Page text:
I played in my second chess tournament this weekend. It didn’t go well.
My first competition was in December. That one went much better.
In typical fashion, I showed up an hour early. I was the first one there. I met the head of the Waldorf Chess Club and we chatted about chess and sandwiches.
The other players piled in and we got sectioned into quads: groups of four. We would play each person in our quad once for a total of three rounds. I took math in college so I put this together quickly.
To spoil the whole thing, I lost all three of my games.
Here’s how each of them went:
- Neck and neck until he ruined my pawn structure (weakened my position). Beat me in the endgame because of my bad position.
- I tried to be crazy flashy and sacrificed two pieces for a fancy checkmate. I miscalculated and was then just down two pieces.
- A super even game that went down to the last few minutes. He was up a pawn and used that to beat me in a King and pawn endgame.
Here’s what I took from all this.
But it is valuable. For many reasons.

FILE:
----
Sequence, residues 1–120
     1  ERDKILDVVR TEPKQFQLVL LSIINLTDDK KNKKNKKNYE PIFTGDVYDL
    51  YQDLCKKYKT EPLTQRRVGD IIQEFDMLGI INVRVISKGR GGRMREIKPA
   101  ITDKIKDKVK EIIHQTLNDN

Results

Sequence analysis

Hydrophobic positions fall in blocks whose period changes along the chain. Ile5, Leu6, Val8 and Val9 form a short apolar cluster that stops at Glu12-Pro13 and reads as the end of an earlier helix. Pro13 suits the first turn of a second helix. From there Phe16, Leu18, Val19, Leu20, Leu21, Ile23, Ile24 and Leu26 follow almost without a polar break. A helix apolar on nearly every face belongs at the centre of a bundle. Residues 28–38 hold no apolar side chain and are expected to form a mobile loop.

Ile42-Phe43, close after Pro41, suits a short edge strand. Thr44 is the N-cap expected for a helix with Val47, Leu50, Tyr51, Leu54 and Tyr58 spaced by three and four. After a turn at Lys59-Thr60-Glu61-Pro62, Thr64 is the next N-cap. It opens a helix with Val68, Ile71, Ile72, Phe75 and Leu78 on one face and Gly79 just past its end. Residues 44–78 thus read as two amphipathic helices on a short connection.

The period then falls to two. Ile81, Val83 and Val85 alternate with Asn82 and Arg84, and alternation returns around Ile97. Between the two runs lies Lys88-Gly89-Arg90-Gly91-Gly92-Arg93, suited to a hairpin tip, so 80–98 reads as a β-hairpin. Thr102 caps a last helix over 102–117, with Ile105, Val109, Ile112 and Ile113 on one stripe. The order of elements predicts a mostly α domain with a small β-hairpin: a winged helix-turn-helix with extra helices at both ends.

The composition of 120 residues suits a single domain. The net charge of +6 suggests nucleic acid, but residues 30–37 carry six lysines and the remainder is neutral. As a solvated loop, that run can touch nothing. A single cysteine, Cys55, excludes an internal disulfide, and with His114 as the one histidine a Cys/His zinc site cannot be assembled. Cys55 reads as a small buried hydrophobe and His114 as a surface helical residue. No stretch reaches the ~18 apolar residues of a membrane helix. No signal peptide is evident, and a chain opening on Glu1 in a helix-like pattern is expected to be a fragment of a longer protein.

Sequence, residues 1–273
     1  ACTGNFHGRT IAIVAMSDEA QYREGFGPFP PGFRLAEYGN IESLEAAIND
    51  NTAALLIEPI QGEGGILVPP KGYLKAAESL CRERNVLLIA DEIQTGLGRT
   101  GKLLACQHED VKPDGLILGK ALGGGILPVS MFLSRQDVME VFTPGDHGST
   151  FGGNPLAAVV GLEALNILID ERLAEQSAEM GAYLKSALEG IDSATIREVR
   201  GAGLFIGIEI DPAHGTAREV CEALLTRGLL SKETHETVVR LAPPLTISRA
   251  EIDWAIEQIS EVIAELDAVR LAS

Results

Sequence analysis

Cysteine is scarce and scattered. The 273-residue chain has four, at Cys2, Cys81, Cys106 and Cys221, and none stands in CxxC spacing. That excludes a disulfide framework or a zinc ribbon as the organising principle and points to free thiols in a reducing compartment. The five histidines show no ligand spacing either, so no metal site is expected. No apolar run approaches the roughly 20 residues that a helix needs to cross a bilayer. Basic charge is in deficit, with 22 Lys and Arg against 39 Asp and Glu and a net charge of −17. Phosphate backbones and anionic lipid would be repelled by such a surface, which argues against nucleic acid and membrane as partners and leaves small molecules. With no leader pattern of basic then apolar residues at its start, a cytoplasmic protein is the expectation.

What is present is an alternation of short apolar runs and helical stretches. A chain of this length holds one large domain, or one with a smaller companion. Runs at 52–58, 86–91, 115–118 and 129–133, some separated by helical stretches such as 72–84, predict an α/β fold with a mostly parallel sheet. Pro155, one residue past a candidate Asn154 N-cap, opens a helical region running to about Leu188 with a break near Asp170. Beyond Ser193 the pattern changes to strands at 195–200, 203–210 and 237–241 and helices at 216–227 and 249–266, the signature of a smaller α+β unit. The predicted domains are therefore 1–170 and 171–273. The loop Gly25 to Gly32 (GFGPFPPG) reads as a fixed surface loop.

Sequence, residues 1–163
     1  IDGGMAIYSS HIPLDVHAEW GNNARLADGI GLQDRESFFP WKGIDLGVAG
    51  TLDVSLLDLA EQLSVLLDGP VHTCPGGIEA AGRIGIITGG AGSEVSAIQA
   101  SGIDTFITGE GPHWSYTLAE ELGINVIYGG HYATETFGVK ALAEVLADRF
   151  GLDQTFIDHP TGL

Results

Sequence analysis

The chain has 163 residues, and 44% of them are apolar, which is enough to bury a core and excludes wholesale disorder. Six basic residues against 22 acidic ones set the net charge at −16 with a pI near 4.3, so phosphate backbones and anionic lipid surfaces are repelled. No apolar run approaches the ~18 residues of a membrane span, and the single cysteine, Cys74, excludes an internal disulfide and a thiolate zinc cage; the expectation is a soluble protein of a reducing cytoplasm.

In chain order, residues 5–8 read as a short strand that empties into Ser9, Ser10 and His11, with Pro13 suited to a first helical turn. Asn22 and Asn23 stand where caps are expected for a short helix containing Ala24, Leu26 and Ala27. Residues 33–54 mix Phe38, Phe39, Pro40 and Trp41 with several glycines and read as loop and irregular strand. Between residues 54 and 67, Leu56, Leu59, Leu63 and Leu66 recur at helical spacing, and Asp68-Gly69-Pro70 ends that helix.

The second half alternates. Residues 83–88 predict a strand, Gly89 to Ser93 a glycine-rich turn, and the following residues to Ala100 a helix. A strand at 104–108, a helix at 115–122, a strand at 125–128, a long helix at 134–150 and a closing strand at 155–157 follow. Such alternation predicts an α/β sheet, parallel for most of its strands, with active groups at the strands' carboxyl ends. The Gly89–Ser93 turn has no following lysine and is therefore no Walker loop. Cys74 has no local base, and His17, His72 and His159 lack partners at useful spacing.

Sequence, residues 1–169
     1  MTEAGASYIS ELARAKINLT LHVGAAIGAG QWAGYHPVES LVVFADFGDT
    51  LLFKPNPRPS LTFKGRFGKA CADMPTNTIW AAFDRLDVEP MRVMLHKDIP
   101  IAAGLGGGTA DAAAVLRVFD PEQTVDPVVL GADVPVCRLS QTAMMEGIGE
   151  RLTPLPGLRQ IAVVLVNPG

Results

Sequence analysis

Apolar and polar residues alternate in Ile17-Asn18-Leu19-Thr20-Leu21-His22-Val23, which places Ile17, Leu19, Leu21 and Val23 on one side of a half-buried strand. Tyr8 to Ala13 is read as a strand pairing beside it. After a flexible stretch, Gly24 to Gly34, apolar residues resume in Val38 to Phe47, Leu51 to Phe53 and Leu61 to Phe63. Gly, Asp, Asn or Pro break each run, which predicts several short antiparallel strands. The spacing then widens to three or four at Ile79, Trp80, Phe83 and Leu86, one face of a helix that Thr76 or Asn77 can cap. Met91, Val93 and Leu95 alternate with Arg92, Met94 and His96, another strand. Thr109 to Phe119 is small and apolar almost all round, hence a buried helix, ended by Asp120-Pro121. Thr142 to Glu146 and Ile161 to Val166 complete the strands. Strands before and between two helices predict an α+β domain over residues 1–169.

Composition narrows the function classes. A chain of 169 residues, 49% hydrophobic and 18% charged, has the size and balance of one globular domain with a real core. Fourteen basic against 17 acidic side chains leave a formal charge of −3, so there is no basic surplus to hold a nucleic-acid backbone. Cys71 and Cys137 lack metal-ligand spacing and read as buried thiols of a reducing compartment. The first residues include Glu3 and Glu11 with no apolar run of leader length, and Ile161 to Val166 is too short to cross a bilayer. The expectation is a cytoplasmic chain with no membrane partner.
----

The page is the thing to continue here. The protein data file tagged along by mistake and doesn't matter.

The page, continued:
After a strong performance in my first tournament, I thought I was hot shit. I needed to be humbled to snap back to reality. Mom’s spaghetti.
As I learned in Brazilian Jiujitsu, being humbled, getting your ass kicked…It makes us kinder and more patient people. It gets us out of our heads. It destroys our egos. Our wellbeing stems not from our success, but our willingness to grow.
Only when our armor is damaged can we begin to make repairs to it. Otherwise we just walk around thinking we’re invincible.
I barely remember the winning moves I made during my first tournament. But the losing moves in this last one are engrained in my psyche. I can envision them right now as I’m typing this.
It’s an unfortunate truth, but losing is the best (only) way to get better at chess. That’s probably true in any endeavor: business, relationships, instruments.
When I meet with my chess coach next, we’ll have plenty to analyze.
The people I played this weekend were much stronger than those I played in December. It was a reminder that I must consistently go against better players.
The first competition pumped me up to improve at chess. It was a Winning is fun! I want to do more of it kind of motivation. This one energized me even more. But this time it’s a Losing is awful! I want to do less of it sort of thing.
The losing will never stop. It’s part of leveling up. It’s out of my control.
The only thing I can control is what these losses mean for me.
Back to the drawing (chess) board.